Dimension reduction in regression models via regularization has emerged as a topic that has undergone vigorous development, with oracle methods such as SCAD (

Fan and Li, 2001) and the Adaptive Lasso (

Zou, 2006) and other popular methods such as the Lasso (

Tibshirani, 1996). We will say that an oracle method is one which is asymptotically consistent, i.e., selects the correct model with probability tending to 1.0 as the sample size

*n* → ∞, and is asymptotically efficient for estimating the non-zero variables.

We are interested in testing for the effect of a low-dimensional covariate

*Z* when the model contains other higher dimensional covariates (

*X*,

*S*) which govern nuisance parameters. As in

Fan and Li (2001) and

Zou (2006), we work in the context that the number of covariates is large but smaller than the sample size, i.e., the dimensionality is fixed and does not increase with the sample size. For example, in logistic regression with a binary response

*Y*, the model would be

where

*H*(·) is the logistic regression problem. The interest here is in testing the null hypothesis that

*H*_{0} : θ = 0 and to produce an asymptotically valid significance level for that test. In model (1), (κ, η) is a nuisance parameter relating to (

*X*,

*S*). One cannot use an oracle method to make valid probability statements about the null hypothesis, i.e., run SCAD or the Adaptive Lasso using all of (

*X*,

*S*,

*Z*) and then somehow test for θ. This has been emphasized in a series of papers beginning with

Leeb and Pötscher (2005), who note that the limit distribution of the oracle estimate of θ is not asymptotically normal under contiguous alternatives.

Our emphasis here is very different from the usual dimension reduction framework. The parameters (κ, η) are simply nuisance parameters and in this framework are not the main focus of interest.

As a motivating example for this article, we consider an extension of the model (1) that

Chatterjee et al. (2006) described for testing the association of a disease outcome with an exposure when that exposure may be interacting with other co-factors that influence the risk of the disease. See also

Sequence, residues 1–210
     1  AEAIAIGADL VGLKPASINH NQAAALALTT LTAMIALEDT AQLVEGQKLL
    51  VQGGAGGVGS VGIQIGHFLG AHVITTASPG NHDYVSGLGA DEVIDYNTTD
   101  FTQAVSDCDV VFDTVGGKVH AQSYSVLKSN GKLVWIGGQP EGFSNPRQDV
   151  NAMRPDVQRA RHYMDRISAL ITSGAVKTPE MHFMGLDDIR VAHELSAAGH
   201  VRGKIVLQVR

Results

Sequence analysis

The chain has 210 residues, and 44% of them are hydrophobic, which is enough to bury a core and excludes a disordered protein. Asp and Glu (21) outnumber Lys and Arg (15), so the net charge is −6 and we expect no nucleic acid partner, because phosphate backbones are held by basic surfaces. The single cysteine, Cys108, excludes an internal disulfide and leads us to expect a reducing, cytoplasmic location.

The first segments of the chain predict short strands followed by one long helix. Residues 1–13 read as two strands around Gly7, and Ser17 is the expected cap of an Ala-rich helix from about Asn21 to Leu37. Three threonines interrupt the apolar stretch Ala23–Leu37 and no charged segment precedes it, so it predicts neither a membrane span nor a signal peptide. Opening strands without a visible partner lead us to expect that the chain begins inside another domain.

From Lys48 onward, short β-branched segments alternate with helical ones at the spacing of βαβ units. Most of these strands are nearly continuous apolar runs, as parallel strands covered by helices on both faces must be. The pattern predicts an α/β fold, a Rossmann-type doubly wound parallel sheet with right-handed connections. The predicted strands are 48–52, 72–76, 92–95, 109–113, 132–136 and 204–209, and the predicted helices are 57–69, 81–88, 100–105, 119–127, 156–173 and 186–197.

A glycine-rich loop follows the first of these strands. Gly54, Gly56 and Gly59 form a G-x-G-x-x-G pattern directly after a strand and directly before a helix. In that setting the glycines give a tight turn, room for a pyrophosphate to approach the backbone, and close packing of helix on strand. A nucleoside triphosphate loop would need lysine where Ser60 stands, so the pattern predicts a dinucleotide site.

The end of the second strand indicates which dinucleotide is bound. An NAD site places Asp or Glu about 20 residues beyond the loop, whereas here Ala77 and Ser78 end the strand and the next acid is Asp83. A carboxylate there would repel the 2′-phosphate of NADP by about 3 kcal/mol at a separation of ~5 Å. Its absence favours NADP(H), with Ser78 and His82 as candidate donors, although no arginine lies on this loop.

Maity, et al. (2009) for a semiparametric extension. In Chatterjee et al.,

*Z* could be a specific genetic or environment exposure of interest,

*X* could be an array of genetic and/or environmental covariates of higher dimension that may be potentially interacting with

*Z* and

*S* could be certain basic covariates, such as age and sex, that the model needs to be adjusted for. The interest focuses on whether

*Z* is associated with the disease outcome

*Y*. To improve power, Chatterjee et al proposed using a parsimonious, Tukey’s one-degree-of-freedom style, interaction model between

*Z* and

*X* of the form

where the scalar γ is meant to capture the interaction. A full description of this method is given in the

Appendix. The null hypothesis of no association between

*Y* and

*Z* corresponds to testing

*H*_{0} : θ = 0. A complication, however, is that under θ = 0, the parameter γ also disappears from the model and hence is not identifiable from the data. Nevertheless, Chatterjee et al. noticed that for each fixed value of γ, the model (2) can be used to construct a valid score-test for

*H*_{0} : θ = 0. They proposed to use the maximum of such score-statistics over a range of the parameter γ as the final test statistic. They observed that the score-test has particular computational advantages, because under the null hypothesis the model (2) reduces to a standard logistic regression model involving only main effects of

*X* and

*S*.

Motivated by model (2) and

Chatterjee, et al. (2006), we study in this paper the following algorithm. Let the loglikelihood function be denoted by

, where for example in linear regression ζ would be the regression error variance. The usual score test of course would fit the model

. An oracle would do the following, which we call an

*oracle score test*.

- Under the null hypothesis
*H*_{0} : θ = 0, fit the parameters (κ, η) by using an oracle estimator that consistently chooses the correct null model. - Perform a score test using the selected components of (
*X*, *S*).

This paper addresses the simple question: does having access to an oracle under the null model improve the local power of the testing, i.e., is the oracle score test more powerful than the ordinary score test that does not do any model selection under the null? We will show that the answer to this depends on how (*X*, *S*) are correlated with *Z*: when they are independent, there is no point in having access to an oracle. We will demonstrate however that if (*X*, *S*) has information carrying elements that are highly correlated with *Z*, then having access to an oracle can be valuable.

An outline of this paper is as follows. In Section 2, we develop the general framework and state the main result on the local power of the score test. In Section 3, we discuss the implications of this result for oracle methods. In Section 4 we give simulation evidence that suggests that having access to an oracle may not be much help in a variety of practical problems. In Section 5, we briefly describe a setting that having access to an oracle will be useful, although we point out some peculiar behavior of the Adaptive Lasso implemented with 10-fold crossvalidation. All technical details are given in an

Appendix.